A “knock on” in rugby refers to when the ball is knocked forward and out of the hands, either by the player carrying it or by another player, before it has been touched to the ground or caught. This is considered a turnover and results in a scrum awarded to the other team.
Why is a knock on considered a penalty?
A “knock on” in rugby is considered a penalty because it goes against the laws of the game, which state that the ball must be played backwards or kicked forwards. When a player knocks the ball forward, it creates an unfair advantage for the opposing team as they are more likely to gain possession. The awarding of a scrum to the non-offending team ensures that the ball remains in play and allows for a fair and competitive contest for possession. The scrum also gives both teams an opportunity to compete for the ball in a safe and controlled manner.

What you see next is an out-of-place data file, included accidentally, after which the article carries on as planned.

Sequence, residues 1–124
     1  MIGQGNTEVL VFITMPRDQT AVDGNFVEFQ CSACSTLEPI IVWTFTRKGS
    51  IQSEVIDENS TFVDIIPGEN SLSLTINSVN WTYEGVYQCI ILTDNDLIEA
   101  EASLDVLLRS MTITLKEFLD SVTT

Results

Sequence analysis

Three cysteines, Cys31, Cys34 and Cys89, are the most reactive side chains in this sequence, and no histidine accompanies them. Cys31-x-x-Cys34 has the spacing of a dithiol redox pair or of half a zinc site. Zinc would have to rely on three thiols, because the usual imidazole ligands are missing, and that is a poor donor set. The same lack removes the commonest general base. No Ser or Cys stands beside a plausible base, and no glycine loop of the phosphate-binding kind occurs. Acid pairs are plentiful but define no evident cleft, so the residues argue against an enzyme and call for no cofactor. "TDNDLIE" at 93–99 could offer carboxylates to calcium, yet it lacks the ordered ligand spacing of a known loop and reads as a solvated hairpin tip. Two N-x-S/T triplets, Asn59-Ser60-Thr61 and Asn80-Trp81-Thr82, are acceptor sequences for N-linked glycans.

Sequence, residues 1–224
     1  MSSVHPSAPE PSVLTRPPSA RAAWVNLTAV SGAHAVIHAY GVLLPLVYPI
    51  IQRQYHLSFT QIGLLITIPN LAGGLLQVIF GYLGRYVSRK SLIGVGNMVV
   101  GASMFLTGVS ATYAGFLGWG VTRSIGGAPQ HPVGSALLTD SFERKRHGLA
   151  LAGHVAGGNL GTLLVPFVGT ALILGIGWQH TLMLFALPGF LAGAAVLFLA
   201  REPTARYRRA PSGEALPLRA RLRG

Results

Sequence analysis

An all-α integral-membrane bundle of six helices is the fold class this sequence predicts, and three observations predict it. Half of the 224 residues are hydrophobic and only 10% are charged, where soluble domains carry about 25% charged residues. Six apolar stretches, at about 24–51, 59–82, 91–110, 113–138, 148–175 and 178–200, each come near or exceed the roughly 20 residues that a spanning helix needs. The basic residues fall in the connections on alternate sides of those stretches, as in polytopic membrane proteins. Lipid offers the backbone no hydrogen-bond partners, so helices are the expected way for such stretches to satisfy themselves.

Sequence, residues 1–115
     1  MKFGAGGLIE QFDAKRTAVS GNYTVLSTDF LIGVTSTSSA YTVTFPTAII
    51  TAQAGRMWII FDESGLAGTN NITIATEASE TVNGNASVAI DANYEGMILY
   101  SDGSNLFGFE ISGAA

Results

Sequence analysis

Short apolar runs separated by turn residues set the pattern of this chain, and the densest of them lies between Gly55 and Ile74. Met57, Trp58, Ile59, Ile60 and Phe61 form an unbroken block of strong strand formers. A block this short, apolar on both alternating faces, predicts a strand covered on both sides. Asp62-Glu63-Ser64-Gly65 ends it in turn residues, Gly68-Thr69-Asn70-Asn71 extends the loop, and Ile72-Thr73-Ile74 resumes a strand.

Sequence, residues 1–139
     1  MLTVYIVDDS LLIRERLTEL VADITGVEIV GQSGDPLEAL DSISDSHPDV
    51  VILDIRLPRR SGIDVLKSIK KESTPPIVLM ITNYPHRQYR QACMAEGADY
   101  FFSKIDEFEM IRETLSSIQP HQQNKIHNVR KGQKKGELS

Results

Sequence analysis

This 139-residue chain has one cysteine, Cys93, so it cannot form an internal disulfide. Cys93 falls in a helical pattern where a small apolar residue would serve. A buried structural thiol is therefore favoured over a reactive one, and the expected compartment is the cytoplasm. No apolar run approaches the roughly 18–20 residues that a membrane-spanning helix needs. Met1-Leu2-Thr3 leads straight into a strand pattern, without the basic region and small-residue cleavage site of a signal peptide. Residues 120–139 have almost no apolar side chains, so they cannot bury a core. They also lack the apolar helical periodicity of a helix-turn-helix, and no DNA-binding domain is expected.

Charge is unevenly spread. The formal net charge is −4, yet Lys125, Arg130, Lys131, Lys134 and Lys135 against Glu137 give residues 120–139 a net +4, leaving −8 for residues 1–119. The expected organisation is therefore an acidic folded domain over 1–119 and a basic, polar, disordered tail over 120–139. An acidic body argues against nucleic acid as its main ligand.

What happens when there is a knock on?
When there is a “knock on” in rugby, the play is stopped and a scrum is awarded to the non-offending team. A scrum is a set piece restart where the players bind together in three rows and attempt to push the opposing team backwards to win the ball. The team that wins the scrum has the opportunity to put the ball back into play. The scrum half of the team awarded the scrum puts the ball into the tunnel formed by the front rows of the scrum, and the two packs of forwards then compete for the ball.
When is it not a knock on?
In rugby, a “knock on” is not called if the ball is deliberately kicked forward, if the ball is knocked backwards, or if the ball comes into contact with a player’s hand or arm and goes forward as a result of a legitimate attempt to play the ball. Additionally, if a player catches the ball and then loses control and drops it, but the ball does not touch the ground, this is not considered a knock on.
A “charge down” is not considered a “knock on” in rugby. A charge down occurs when a player from the defending team jumps up and blocks or deflects a kicked ball from the attacking team before it has gone 10 metres. The charge down results in a turnover and the defending team gains possession of the ball. If the ball goes forward and hits the ground, it is not considered a “knock on,” but instead it is called a “knock-forward.”